Earlier this week, the community group Affordable Divis sent a letter to the office of District 5 Supervisor London Breed and the San Francisco Planning Department, requesting they rescind a piece of legislation pushed through earlier this year. The plan to rezone stretches of Divisadero and Fillmore streets to allow for more density was signed by Mayor Lee back in July, but now, the neighborhood is beginning to react as the change sinks in.
Members of local neighborhood groups the Alamo Square Neighborhood Association, the Haight Ashbury Neighborhood Council, and D5 Action signed the letter, which came from the same community group that's so far held two jam-packed meetings at neighborhood bar Waziema. The issue: two large housing developments planned for the street (one at Grove, and one at Oak). Under the new zoning allowance, both of these developments could have increased density—as we noted in August, one of the buildings was previously designed with 16 units, and plans now call for 60 units.
Letters arrived in mailboxes earlier this year notifying Divisadero residents of the rezoning, and a public hearing was held back in April. Despite this, Affordable Divis argues that the zoning changes came as a surprise.
"This significant density increase was decided without real community input," the letter states. "Such changes should be community driven. Most neighbors were not even aware of the proposed changes and their potential impact. Rescinding the Ordinance will allow an opportunity for community input about the future of our neighborhood."
The Affordable Divis group's goals are to keep Divisadero affordable for residents, provide community input on large-scale projects, keep developments aesthetically aligned with the rest of the neighborhood, and make the streets safe for cyclists, pedestrians and transit riders. The first step the group has taken outside of their meetings has been to send this letter, both to Breed and the Planning Department.
But Supervisor Breed stands behind the rezoning of Divisadero, a plan she told us was brought to her by Tom Radulovich, Executive Director of Livable City.
"We want to build housing along corridors where it's easy to get to bus lines. You can get almost anywhere from Divisadero," Breed told us. "We need more housing density in areas that have good public transportation."
A higher number of affordable units will also be made available through increasing housing density along Divisadero, Breed points out. In the case of the apartments being built at Grove & Divisadero, where the plans changed from 16 to 60 units, this means seven affordable units instead of two.
Members of Affordable Divis have questioned the rezoning process, stating that there was a lost opportunity to demand a higher percentage of affordable units as a condition of raised density. But Breed says she already pursued that path. "Of course I'm asking for more affordability," she told us, saying that she went to the City Attorney to talk about the legislation. "Unfortunately Prop C, which passed in 2012, makes it really hard to do that."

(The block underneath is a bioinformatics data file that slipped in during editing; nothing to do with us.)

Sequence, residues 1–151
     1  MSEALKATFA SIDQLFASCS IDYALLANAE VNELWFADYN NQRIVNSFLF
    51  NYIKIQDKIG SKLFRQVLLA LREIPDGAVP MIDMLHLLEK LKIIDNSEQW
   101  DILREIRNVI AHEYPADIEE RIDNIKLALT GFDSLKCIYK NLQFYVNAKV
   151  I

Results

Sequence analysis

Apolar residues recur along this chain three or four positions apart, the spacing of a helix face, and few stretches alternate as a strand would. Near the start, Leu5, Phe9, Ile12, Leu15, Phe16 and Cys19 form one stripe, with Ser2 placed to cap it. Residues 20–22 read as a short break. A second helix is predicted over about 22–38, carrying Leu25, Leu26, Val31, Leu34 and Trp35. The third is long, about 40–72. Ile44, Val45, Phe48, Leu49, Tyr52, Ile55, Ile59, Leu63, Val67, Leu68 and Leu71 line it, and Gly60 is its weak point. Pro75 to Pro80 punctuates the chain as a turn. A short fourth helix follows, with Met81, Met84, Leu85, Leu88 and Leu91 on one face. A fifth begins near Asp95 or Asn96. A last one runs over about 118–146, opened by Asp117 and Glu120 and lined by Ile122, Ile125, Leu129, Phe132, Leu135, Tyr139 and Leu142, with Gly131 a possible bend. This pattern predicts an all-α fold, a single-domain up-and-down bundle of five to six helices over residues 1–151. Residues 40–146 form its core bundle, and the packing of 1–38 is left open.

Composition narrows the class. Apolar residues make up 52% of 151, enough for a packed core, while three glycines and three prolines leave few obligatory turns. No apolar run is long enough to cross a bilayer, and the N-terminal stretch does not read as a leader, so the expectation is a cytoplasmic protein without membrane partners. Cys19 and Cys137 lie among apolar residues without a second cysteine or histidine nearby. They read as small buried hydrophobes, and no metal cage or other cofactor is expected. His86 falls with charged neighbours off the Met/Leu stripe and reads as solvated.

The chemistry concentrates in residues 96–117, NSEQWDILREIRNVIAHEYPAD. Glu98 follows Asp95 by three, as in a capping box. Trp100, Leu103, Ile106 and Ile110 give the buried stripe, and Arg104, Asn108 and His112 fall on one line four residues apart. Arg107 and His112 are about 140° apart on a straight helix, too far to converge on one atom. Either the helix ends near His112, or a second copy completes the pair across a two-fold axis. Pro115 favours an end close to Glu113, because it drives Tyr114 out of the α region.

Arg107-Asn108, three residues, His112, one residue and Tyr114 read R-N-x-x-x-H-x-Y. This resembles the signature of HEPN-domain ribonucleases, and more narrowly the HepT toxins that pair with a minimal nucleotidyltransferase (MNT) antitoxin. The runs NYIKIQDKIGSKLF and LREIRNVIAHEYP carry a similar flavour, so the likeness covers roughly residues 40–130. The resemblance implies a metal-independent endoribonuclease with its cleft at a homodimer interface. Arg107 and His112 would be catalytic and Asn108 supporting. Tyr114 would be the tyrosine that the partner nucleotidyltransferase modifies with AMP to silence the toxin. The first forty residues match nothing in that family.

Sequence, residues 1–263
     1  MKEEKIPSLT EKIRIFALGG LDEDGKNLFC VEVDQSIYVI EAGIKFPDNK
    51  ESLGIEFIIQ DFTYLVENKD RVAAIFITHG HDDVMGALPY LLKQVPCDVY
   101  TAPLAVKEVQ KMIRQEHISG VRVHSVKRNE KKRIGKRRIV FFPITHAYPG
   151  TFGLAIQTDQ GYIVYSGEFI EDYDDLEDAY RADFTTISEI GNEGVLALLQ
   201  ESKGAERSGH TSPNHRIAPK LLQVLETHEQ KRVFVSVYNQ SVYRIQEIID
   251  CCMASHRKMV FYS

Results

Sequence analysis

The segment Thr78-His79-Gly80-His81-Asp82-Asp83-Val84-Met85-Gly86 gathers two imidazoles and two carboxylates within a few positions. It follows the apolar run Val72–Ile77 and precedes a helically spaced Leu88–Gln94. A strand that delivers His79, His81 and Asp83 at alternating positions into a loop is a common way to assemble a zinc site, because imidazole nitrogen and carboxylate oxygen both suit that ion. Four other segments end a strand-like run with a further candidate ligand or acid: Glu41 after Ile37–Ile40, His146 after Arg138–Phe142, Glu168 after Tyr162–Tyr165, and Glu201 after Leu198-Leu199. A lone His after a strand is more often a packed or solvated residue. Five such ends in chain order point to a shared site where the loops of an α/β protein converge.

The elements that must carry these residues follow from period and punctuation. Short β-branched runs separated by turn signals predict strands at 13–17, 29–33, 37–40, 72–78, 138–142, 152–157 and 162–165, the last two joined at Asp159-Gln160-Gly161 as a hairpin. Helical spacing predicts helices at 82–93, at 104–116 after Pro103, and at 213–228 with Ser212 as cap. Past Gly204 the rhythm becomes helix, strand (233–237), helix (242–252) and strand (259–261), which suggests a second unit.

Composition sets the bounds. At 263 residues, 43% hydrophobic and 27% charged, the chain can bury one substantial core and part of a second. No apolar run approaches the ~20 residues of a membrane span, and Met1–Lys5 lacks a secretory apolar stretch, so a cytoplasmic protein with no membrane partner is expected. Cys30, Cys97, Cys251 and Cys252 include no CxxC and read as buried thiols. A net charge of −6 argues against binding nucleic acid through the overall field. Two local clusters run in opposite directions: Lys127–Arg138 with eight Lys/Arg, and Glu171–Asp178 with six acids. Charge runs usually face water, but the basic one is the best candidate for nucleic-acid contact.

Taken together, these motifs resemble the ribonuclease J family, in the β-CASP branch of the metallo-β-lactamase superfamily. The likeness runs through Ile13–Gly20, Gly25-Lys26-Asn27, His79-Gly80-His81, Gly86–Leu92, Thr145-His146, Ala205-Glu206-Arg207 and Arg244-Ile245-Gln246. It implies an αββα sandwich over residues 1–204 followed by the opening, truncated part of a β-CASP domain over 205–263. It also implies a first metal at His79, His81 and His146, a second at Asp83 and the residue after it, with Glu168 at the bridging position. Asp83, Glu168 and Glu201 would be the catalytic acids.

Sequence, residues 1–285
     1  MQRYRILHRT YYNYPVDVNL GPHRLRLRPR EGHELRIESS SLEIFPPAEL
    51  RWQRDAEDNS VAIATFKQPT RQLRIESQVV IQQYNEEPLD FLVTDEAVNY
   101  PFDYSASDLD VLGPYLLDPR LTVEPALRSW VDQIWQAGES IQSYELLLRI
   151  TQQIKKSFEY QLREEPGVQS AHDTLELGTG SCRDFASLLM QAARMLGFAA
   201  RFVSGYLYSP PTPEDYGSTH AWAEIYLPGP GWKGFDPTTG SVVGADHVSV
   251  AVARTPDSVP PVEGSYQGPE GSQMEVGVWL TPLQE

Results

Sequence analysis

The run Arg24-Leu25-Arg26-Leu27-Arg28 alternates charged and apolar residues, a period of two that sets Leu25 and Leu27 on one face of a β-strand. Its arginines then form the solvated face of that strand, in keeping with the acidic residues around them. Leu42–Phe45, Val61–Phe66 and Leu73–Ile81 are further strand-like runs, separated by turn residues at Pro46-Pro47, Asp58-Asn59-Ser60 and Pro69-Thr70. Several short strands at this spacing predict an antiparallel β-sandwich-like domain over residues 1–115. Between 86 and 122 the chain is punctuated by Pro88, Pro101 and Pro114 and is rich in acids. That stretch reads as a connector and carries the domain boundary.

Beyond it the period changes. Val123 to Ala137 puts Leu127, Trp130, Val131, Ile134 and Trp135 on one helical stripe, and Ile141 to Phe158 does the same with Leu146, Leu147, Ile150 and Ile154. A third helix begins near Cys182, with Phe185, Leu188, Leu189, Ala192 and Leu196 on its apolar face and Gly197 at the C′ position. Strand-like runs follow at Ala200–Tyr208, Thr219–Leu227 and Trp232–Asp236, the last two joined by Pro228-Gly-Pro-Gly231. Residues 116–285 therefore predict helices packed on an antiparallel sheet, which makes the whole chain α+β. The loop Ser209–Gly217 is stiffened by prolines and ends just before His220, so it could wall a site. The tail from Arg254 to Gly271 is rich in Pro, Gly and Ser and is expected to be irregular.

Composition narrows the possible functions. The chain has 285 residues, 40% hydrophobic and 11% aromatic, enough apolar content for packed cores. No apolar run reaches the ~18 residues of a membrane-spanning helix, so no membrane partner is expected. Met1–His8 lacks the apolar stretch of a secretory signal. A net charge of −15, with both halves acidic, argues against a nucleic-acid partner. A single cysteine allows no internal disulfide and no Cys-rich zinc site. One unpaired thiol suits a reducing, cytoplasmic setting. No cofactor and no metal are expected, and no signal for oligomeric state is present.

Instead, Breed says that she will work with developers directly to try to increase the percentage of affordable units in these projects.
Supervisor Breed speaks at a press conference about a Western Addition affordable housing complex earlier this year. (Photo: Nuala Sawyer/Hoodline)
While rezoning for higher density is part of Breed's tactic for solving the city's housing crisis, she pointed out that access to the city's current affordable units is severely broken. Under the current law, the affordable housing lottery is open to anyone, from any state in the country—meaning that someone in D5 wouldn't get priority for low-income units in their neighborhood.
To solve this issue, Breed drafted a piece of legislation to give priority to neighborhood residents who are applying for low-income housing in their communities. Those who have been Ellis Act-evicted will also be bumped up the list. It was passed by the Planning Department last week, and is currently on its way to the Land Use Committee for consideration.
Breed says she's also pushing to "adjust the dial" on the definition of "low income" in San Francisco. At the moment, low-income units are reserved for those who make 55 percent of the Average Median Income (AMI). Through this law, residents who make as little as $45,000 a year are not eligible for low-income housing in San Francisco. Breed says she hopes to adjust this to accommodate a wider range of residents who need housing assistance, even those making 75 percent of the AMI.
In the end, "We can't fix this crisis by saying no to everything," Breed said. "We need a plan that can actually be implemented."
But Affordable Divis plans to keep fighting for a change. "We will continue to urge Supervisor Breed to do the right thing and rescind the rezoning giveaway," said community organizer Dean Preston in an email. "Giving away a valuable density bonus like this without requiring greater affordability in return makes no sense whatsoever, especially during an affordable housing crisis."
An Affordable Divis workshop is being planned for December to create a community-based plan for future Divisadero developments.
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